"Can NATO [North Atlantic Treaty Organization] count on European civil aviation assets in the event of a crisis? This is the central question James Becker poses in this probing essay. As he points out, the United States has had its Civil Reserve Air Fleet (CRAF) program for many years, but major planning for the use of European civil airplanes for military purposes has come about only since the late 1970s. Using an imaginative scenario to depict how an emergency in Europe might be met by employing both United States and European civil aviation, the author explores the likelihood of that use happening, especially in Europe. One great shortcoming, Becker argues, is that cargo aircraft are not as readily available in Europe as in the United States. Becker also explores other issues related to use of civil air in emergencies, areas such as airport reception and handling capabilities, air traffic control, rapid airfield facilities and runway repair, and the handling of hazardous materials. Becker concludes that amazing progress has been made in NATO's ability to rely on Europe's civil aviation assets, progress he attributes to the dedicated efforts of both the NATO headquarters staff and individual country representatives to NATO's Civil Aviation Planning Committee. More progress must be made, however, and Becker suggests where and how to do so. His personal viewpoints illuminate a planning area not widely understood but of potentially vital significance for NATO security."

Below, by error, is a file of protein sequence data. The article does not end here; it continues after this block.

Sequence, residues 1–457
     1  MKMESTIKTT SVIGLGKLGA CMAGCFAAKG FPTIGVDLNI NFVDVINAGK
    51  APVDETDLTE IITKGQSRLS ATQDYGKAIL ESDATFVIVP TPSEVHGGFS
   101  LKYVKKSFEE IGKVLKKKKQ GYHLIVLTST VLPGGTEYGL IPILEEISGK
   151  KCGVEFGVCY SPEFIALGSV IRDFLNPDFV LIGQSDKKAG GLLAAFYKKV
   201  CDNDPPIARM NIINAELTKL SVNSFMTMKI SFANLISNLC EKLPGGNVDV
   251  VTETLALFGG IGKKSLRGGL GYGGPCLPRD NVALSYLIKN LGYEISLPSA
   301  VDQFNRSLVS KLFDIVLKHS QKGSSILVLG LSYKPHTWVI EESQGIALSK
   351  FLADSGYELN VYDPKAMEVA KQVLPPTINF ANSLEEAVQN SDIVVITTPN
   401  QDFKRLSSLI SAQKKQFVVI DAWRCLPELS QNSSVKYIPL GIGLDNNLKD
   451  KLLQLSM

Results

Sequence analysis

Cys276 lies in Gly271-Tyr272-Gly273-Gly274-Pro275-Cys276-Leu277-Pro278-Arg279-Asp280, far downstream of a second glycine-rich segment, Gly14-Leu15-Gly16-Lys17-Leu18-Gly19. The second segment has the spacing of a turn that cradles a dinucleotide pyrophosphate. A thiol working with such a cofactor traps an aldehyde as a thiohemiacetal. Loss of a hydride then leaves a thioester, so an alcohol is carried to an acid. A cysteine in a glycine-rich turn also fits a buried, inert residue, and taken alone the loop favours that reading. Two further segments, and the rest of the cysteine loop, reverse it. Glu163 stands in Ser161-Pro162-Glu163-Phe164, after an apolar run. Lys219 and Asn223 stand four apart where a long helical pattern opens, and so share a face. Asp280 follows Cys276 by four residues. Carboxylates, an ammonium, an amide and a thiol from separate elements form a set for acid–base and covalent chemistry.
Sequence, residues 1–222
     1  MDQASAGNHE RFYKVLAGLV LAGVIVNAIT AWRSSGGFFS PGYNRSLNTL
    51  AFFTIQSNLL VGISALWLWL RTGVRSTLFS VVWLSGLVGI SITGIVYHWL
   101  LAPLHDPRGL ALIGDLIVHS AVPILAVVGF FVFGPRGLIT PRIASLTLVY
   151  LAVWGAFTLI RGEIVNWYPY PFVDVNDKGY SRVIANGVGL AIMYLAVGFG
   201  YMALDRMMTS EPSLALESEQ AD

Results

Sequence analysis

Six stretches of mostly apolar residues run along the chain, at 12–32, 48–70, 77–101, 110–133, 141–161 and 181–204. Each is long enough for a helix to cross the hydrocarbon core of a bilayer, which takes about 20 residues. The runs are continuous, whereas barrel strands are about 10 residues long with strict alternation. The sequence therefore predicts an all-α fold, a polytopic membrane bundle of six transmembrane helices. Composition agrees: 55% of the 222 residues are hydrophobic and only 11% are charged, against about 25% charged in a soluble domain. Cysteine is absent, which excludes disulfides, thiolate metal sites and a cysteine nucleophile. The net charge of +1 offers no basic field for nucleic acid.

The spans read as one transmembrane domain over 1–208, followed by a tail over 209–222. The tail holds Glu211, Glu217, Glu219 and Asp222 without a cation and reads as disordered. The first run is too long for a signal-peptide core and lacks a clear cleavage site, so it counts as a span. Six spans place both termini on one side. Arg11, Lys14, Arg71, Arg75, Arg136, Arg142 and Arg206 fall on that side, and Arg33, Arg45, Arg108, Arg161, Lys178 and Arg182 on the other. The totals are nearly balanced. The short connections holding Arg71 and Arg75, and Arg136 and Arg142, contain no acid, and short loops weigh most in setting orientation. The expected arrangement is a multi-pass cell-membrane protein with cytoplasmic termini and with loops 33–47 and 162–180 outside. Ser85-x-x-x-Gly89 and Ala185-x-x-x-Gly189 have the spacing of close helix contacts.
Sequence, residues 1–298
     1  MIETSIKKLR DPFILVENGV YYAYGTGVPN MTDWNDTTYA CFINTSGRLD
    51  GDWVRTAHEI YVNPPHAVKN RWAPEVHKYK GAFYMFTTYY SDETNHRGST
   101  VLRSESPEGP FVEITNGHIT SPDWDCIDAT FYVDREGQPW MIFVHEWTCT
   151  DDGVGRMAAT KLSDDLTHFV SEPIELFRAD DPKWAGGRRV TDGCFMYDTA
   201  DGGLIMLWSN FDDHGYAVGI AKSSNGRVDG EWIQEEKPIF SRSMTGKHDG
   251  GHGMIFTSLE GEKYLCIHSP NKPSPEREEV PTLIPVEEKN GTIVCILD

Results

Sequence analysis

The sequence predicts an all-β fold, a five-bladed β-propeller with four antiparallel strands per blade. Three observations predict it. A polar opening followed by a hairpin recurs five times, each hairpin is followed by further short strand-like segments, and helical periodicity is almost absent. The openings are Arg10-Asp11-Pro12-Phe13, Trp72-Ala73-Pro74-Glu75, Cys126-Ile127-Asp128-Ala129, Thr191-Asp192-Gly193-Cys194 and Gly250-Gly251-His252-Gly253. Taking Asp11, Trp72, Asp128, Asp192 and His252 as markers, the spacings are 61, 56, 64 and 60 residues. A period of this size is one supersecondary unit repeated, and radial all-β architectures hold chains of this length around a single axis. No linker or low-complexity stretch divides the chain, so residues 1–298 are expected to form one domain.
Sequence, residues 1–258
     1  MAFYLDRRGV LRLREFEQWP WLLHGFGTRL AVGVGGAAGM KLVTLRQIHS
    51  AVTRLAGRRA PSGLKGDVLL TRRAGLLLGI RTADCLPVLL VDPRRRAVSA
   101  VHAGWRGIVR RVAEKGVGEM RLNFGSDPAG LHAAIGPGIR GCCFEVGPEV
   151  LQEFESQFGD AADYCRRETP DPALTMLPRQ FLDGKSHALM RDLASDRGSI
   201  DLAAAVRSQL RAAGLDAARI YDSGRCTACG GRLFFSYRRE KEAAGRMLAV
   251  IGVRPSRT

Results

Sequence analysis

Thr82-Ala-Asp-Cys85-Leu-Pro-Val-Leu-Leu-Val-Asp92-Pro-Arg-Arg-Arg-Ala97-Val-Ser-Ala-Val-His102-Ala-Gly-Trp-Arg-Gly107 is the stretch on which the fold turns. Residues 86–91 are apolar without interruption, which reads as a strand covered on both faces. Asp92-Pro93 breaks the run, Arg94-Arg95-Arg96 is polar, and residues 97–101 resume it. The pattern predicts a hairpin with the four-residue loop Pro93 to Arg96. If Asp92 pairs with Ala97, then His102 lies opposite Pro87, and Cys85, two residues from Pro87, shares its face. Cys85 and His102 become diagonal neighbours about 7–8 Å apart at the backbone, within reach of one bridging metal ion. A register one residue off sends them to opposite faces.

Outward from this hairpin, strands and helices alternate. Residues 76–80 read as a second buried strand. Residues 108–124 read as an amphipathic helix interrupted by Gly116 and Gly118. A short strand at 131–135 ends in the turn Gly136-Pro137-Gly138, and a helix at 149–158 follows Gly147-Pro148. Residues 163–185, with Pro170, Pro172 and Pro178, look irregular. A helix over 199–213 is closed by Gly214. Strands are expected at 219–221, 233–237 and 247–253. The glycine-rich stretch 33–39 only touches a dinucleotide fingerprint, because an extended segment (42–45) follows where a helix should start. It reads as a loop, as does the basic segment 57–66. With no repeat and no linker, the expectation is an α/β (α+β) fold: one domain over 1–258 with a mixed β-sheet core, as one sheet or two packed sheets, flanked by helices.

Defense Technical Information Center (DTIC): http://www.dtic.mil/dtic/